In the lead article from the “embracing complexity” issue of Harvard Business Review, authors Gökçe Sargut and Rita Gunther McGrath stipulate that “complex organizations are far more difficult to manage than merely complicated ones. It’s harder to predict what will happen, because complex systems interact in unexpected ways. It’s harder to make sense of things, because the degree of complexity may lie beyond our cognitive limits.”

The authors go on to describe three properties of complex systems. “The first, multiplicity, refers to the number of potentially interacting elements. The second, interdependence, relates to how connected those elements are. The third, diversity, has to do with the degree of their heterogeneity. The greater the multiplicity, interdependence, and diversity, the greater the complexity.”

We would argue that school districts meet all of these standards or definitions for complex systems. Even in a small modal district of four elementary schools, a middle school and a high school, where classrooms and schools are by design loosely coupled, there is multiplicity, interdependence and diversity. As school districts increase in size, the complexity also increases.

To illustrate the situations superintendents currently face, consider Philadelphia and its superintendent, William Hite, who came to the district from Prince George’s County, Md., in October 2012. Rather than dealing with a traditional school board, he reports to the School Reform Commission created in 2001 when the state took over the schools. The commission’s agenda, which he is working diligently to implement, includes:

  • Expanding charter school enrollment — from 50,000 in 2012-13 to 80,000 in 2014-15 — and thereby increasing the number of “high-performing seats.”
  • Borrowing $300 million for operating expenses (thus creating a level of debt service that further erodes the district’s ability to maintain itself).
  • Closing as many as 60 district schools (25 percent) over a two-year period and, at the same time, continuing to convert low-performing schools to charters.
  • Negotiating a teacher contract that would dramatically change wages and working conditions for teachers — by imposing a 15 percent salary cut, reducing benefits, extending the workday, eliminating seniority provisions and transfer rules, and increasing class size.
  • Adopting an FY 2014 budget that requires laying off 3,700 employees, including all assistant principals, counselors and school secretaries, and 675 teachers.
  • Appointing principals for at least 70 schools, 30 percent of the total (at least 50 of whom will likely have no prior experience in the position).

Of course, complexity is not unique to the leadership of urban school systems. Just across the city border on Philadelphia’s Main Line is the Lower Merion Public School District, one of the highest-performing and best-funded districts in the state.

Over the past few years, Superintendent Christopher McGinley has had to deal with a bitter desegregation lawsuit regarding which of two high schools in Lower Merion African-American students would be assigned to attend. He’s also dealing with an embarrassing disclosure that district-provided laptops were photographing students in their bedrooms, balancing a budget squeezed by dramatic increases in state pension costs and a contentious dispute about funding for state-authorized cyber charter schools.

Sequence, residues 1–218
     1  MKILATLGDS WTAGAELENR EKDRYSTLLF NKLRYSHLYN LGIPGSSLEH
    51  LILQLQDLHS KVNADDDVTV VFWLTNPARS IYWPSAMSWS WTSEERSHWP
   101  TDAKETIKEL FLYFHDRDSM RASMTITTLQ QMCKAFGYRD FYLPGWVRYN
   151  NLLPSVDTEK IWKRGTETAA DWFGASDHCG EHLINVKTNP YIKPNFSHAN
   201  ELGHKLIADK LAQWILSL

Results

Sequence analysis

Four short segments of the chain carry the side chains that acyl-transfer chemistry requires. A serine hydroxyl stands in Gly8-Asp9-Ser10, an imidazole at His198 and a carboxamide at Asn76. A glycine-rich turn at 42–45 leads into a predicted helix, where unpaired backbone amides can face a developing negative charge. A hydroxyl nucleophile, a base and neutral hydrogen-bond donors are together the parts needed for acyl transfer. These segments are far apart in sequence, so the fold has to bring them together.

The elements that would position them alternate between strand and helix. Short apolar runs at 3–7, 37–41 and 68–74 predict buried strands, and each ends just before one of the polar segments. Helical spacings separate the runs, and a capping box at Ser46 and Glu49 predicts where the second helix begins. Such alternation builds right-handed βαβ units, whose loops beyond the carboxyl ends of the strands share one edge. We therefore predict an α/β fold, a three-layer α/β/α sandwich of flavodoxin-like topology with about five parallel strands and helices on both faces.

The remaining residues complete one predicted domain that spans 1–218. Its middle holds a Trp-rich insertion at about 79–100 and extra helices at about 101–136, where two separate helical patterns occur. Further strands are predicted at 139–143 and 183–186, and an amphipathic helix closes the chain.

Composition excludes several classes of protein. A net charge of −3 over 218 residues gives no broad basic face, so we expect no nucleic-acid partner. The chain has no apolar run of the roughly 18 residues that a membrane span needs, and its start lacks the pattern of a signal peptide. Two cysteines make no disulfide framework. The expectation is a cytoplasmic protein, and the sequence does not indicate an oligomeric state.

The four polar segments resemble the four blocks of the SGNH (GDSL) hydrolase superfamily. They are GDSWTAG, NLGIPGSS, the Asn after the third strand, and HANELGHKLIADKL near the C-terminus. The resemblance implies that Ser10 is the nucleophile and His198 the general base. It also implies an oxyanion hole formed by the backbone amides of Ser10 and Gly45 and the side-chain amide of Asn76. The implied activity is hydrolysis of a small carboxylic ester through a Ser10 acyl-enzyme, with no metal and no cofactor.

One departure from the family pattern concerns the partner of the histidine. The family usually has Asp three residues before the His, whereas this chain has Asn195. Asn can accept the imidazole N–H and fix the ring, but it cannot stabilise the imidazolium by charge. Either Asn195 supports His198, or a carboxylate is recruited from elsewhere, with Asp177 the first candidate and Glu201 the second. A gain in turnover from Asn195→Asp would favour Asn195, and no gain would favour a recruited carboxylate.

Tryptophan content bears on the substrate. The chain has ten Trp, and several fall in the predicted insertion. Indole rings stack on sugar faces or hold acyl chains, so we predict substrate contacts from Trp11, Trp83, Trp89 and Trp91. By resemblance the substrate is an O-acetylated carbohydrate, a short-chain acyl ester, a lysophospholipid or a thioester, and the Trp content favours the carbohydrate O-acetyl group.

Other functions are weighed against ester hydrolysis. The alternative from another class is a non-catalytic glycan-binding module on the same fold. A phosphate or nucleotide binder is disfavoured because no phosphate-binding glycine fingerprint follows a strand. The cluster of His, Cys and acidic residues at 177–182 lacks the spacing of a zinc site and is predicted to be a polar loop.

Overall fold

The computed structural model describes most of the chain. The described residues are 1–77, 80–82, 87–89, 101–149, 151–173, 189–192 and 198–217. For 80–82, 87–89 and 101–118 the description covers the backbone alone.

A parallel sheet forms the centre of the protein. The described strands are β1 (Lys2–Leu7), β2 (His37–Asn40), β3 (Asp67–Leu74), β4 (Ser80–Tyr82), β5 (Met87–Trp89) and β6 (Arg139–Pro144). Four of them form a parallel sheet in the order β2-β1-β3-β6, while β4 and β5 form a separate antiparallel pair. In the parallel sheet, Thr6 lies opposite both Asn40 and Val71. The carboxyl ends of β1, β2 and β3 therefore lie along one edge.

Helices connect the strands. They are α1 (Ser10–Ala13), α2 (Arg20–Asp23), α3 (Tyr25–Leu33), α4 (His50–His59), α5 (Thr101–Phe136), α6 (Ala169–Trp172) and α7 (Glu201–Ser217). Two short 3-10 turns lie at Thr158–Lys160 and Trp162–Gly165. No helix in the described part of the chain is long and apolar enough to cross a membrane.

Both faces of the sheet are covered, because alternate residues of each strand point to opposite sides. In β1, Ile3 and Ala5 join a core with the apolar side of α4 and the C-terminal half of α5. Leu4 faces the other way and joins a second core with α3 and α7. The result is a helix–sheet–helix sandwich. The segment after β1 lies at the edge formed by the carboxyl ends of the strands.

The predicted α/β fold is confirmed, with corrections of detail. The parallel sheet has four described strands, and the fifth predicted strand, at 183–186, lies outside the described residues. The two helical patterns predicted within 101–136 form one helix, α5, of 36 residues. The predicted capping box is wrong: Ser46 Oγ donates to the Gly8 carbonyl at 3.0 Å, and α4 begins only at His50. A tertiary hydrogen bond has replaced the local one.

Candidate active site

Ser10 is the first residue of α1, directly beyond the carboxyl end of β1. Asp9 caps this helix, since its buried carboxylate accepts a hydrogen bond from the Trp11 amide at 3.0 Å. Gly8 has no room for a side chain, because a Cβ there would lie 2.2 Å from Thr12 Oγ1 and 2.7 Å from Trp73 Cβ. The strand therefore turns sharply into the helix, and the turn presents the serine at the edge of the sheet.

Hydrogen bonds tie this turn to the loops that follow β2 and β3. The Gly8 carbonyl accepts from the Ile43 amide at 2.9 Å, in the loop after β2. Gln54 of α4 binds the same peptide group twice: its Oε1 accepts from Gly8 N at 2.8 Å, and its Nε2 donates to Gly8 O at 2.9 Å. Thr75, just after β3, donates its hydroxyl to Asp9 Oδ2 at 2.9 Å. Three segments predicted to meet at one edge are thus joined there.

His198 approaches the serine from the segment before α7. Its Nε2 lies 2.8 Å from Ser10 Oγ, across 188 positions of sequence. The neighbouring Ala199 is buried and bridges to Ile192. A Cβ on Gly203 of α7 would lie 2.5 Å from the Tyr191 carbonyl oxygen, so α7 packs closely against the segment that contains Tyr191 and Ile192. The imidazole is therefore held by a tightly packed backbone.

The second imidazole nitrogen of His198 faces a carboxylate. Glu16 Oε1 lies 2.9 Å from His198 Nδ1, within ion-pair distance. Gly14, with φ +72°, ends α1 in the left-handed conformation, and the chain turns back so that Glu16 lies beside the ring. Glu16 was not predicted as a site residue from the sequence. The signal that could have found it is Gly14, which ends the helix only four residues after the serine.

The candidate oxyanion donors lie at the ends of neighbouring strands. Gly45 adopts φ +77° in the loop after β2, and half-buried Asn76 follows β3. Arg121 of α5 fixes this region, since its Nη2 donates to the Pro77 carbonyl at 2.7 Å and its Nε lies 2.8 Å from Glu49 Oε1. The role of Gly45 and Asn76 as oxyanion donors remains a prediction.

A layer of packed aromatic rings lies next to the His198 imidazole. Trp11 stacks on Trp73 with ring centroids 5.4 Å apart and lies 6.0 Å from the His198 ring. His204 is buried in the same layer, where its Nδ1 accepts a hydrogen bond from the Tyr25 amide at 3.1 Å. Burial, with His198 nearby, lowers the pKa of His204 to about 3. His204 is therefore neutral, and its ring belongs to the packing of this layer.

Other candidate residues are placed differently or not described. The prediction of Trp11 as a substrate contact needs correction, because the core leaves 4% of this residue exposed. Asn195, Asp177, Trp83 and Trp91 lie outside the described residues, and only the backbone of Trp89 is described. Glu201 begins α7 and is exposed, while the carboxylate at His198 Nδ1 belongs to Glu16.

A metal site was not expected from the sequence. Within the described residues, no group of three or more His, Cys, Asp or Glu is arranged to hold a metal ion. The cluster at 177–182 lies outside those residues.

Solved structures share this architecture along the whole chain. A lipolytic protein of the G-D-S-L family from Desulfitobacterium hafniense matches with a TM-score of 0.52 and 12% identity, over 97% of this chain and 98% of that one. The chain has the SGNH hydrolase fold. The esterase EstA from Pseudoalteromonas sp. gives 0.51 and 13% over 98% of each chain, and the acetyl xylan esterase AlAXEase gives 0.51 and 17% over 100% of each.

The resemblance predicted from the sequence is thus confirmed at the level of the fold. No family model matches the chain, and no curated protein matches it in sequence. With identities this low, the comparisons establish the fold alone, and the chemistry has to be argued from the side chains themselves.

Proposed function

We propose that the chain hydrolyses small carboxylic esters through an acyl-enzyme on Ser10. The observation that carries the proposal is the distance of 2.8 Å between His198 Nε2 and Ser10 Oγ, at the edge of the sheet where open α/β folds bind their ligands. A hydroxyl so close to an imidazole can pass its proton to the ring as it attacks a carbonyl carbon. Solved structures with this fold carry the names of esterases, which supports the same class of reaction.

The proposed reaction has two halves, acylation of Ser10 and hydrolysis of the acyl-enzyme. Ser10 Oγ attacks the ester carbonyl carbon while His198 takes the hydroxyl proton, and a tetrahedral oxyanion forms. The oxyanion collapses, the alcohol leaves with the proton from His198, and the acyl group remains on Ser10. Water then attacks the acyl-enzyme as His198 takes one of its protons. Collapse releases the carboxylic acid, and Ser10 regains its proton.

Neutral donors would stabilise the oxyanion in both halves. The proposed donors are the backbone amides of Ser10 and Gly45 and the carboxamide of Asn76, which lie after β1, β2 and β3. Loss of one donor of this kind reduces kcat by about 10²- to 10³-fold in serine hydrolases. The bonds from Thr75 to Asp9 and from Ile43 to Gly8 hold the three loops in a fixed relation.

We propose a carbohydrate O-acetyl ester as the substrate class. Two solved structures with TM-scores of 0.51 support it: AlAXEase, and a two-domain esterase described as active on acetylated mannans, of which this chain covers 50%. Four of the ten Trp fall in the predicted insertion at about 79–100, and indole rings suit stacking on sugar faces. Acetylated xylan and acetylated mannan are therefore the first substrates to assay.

Connected Challenges
The accompanying “spider map” below illustrates the complexity found in the superintendent’s world.

Spider Map

The spider map is meant to capture the range of leadership challenges superintendents face in 2013. We don’t claim that it’s complete; any reader could probably add elements from her or his own experience. Nor do we feel a need to define the items on the map; they are sufficiently self-explanatory.

What struck us in constructing the map is how many parts of it are relatively recent additions to the superintendent’s work. For example, suburban districts that once were homogenous now are multiethnic. And not long ago, office secretaries answered the phone; now the superintendent carries a cell phone and answers from anywhere.

And in the manner of spiderwebs, all pieces of the map connect to all other pieces and often interact with each other.

The map encapsulates the increasing complexity of the superintendent’s job and poses the big question: How does one lead effectively in these conditions?

Reflection Time
Our reading and discussions suggest the starting place is to have a clear sense of mission and purpose buttressed by core values and to live and teach these in every moment. Then those one leads can understand how to act in ways that take the organization toward its goals without needing tight supervision and correction.

A recent IBM Institute report makes this point in describing the three precepts of Bausch & Lomb’s high-performance behavior strategy, Earning Trust, Growing and Helping Others Grow, and Sharing Accountability.

Many other dimensions extend this precept — create a sense of urgency, increase connectivity and diversity, watch for the butterflies that can help your organization soar, support risk, make time and space for collaboration. Most important is this: Make time for reflection. If one is caught in day-to-day decisions, reactive behavior and maintaining control, then one is not leading but instead being led by the events and people in one’s environment.

James (Torch) Lytle, a former superintendent, is professor of practice and chair of the Teaching, Learning and Leadership Division at University of Pennsylvania’s Graduate School of Education in Philadelphia. E-mail: jhlytle@gse.upenn.edu. Harris Sokoloff is executive director at Center for School Study Councils at University of Pennsylvania.